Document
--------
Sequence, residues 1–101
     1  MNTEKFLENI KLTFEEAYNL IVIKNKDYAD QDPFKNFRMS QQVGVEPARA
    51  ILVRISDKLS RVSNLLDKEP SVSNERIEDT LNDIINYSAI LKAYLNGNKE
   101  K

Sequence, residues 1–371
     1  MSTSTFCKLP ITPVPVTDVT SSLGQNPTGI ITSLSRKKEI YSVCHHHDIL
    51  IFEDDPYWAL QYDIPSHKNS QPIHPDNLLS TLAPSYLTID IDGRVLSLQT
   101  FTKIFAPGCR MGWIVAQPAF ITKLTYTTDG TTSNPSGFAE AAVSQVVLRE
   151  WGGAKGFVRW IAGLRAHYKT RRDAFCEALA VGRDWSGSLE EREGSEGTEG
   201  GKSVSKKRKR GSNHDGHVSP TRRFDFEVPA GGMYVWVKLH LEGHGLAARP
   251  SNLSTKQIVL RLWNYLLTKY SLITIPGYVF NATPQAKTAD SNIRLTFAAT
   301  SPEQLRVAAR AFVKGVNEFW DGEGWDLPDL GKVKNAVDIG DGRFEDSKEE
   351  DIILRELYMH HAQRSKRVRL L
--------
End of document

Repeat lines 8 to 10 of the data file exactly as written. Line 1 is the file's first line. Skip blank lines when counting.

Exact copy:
   101  FTKIFAPGCR MGWIVAQPAF ITKLTYTTDG TTSNPSGFAE AAVSQVVLRE
   151  WGGAKGFVRW IAGLRAHYKT RRDAFCEALA VGRDWSGSLE EREGSEGTEG
   201  GKSVSKKRKR GSNHDGHVSP TRRFDFEVPA GGMYVWVKLH LEGHGLAARP